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HSBC says performs first trade finance deal using single blockchain system

Reuters  |  HONG KONG 

By Sumeet Chatterjee

(Reuters) - Holdings Plc said on Monday it has performed the world's first trade transaction using a single blockchain platform, in a push to boost efficiency in the multi-trillion-dollar funding of international trade.

and Dutch completed the deal for last week when a shipment of soybeans was transported from to via the global commodities trader's and subsidiaries, the British lender said in a statement.

While there have been other trade deals that use blockchain in conjunction with other technologies, the transaction marked the first use of a single, shared digital application rather than multiple systems, said.

The use of in the industry is expected to reduce the risk of fraud in letters of credit (LoC) and other transactions as well as cut down on the number of steps used.

LoCs are the widely used way of financing between importers and exporters, helping guarantee more than $2 trillion worth of transactions, but the process creates a long paper trail and takes between five and 10 days to exchange documentation.

Putting all of Asia Pacific's trade-related paperwork into electronic form could slash the time it takes to export goods by up to 44 percent and cut costs by up to 31 percent, the HSBC statement said, citing a study by the

"The reason why letters of credit have persisted is because of two real challenges -- the absence of digital infrastructure and the challenge of coordinating multiple parties," Vivek Ramachandran, at HSBC's commercial unit told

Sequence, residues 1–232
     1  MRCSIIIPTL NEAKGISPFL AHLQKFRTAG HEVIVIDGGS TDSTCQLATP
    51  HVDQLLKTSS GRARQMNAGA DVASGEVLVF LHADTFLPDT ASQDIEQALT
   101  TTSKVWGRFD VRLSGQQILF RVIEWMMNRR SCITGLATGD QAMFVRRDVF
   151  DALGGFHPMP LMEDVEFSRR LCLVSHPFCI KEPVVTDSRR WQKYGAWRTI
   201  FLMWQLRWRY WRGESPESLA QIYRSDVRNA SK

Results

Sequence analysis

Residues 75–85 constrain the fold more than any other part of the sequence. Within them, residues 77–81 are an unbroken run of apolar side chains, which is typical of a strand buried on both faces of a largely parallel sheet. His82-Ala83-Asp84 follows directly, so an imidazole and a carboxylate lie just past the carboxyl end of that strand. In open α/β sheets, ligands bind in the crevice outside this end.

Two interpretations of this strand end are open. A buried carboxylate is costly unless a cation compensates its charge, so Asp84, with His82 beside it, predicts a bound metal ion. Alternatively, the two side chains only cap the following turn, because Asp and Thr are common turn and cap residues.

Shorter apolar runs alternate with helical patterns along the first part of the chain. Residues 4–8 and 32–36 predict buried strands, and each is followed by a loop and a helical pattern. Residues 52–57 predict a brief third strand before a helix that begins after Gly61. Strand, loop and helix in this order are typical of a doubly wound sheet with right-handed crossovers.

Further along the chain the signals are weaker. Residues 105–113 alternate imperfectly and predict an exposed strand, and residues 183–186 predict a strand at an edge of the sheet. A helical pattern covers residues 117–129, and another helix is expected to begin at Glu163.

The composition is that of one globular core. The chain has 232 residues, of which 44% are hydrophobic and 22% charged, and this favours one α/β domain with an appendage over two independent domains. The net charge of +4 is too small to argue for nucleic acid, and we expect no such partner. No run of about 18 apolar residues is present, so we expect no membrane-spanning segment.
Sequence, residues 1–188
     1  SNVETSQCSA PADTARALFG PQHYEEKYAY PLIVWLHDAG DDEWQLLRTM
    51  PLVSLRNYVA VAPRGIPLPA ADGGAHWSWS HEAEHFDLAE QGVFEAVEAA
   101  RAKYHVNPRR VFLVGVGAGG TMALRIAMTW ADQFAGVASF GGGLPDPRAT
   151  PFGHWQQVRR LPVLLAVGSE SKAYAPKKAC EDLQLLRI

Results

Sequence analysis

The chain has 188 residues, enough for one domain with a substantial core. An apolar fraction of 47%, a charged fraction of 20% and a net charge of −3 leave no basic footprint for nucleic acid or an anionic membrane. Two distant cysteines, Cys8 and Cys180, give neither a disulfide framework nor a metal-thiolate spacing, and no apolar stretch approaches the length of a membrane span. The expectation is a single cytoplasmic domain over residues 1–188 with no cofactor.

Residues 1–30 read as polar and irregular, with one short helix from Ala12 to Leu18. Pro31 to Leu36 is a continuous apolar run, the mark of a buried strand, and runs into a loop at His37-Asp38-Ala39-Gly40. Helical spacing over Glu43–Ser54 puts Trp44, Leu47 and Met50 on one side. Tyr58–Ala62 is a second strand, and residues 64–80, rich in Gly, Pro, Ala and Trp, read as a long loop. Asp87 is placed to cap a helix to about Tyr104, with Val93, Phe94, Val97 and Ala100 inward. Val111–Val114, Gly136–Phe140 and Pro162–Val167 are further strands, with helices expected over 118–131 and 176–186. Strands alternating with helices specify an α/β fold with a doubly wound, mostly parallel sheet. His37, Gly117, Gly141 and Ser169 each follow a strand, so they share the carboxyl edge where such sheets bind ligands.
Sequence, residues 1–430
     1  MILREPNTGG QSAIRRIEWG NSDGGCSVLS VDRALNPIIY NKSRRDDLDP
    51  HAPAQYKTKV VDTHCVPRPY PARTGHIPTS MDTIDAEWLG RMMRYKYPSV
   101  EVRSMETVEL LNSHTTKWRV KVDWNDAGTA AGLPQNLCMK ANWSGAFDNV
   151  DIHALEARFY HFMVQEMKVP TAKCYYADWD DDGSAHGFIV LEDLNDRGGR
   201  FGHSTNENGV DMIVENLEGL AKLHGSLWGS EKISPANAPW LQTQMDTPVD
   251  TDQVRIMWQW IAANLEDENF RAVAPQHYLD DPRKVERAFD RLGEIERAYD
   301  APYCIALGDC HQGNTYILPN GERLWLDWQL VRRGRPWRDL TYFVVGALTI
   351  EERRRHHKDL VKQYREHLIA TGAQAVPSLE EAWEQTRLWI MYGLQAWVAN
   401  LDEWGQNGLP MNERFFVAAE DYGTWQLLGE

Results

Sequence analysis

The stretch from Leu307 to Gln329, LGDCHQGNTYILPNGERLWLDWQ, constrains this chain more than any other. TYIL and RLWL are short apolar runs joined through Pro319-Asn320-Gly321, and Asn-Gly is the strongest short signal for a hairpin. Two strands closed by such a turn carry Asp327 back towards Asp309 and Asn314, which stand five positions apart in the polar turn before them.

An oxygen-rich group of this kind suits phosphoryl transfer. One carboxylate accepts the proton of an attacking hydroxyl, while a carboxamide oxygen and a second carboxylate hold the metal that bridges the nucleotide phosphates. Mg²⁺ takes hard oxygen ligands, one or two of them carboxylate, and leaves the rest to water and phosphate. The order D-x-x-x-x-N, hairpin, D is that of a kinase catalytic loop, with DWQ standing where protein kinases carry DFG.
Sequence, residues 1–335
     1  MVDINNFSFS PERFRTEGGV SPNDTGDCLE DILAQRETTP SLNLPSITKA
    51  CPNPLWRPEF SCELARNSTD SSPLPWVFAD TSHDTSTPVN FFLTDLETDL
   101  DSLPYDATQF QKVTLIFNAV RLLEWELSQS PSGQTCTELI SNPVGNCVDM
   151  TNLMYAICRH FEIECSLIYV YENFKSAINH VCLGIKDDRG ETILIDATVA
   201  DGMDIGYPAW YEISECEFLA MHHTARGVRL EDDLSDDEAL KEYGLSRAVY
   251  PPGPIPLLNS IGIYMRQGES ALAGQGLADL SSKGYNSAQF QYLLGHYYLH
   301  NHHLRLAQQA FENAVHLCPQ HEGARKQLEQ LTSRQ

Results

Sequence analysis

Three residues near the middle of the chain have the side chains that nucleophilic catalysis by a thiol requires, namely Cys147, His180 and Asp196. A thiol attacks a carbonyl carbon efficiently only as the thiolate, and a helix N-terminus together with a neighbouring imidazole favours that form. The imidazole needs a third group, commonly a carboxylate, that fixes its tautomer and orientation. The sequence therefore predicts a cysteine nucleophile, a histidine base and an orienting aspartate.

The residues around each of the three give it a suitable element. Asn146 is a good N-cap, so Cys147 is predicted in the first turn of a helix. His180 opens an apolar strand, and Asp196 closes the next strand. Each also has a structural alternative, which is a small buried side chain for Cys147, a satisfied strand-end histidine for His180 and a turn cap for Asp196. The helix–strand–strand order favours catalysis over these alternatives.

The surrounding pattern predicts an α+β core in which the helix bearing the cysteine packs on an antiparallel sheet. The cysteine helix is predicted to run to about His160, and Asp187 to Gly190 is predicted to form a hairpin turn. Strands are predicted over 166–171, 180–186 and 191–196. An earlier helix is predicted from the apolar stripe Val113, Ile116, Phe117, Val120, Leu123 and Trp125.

"This platform helps us overcome the first and I think the technology and everyone focussed on it gives us the impetus to go after the second now with hopefully much better results than we have seen in the past."

Ramachandran said HSBC already had another client lined up for the next similar transaction.

have invested millions in developing in a bid to cut costs and simplify back office processes, such as the settlement of securities trades.

Blockchain uses a distributed ledger maintained by a network of computers to verify transactions, rather than a centralised system. The blockchain application used in the transaction is supported by 12 banks, which could help bring the technology to the market more broadly.

HSBC said the transaction was executed on a platform called Corda, which was developed by R3, a New York-based blockchain consortium whose members include more than 100 banks, regulators and trade associations.

(Reporting by Sumeet Chatterjee; Editing by and Sam Holmes)

(This story has not been edited by Business Standard staff and is auto-generated from a syndicated feed.)

First Published: Mon, May 14 2018. 15:17 IST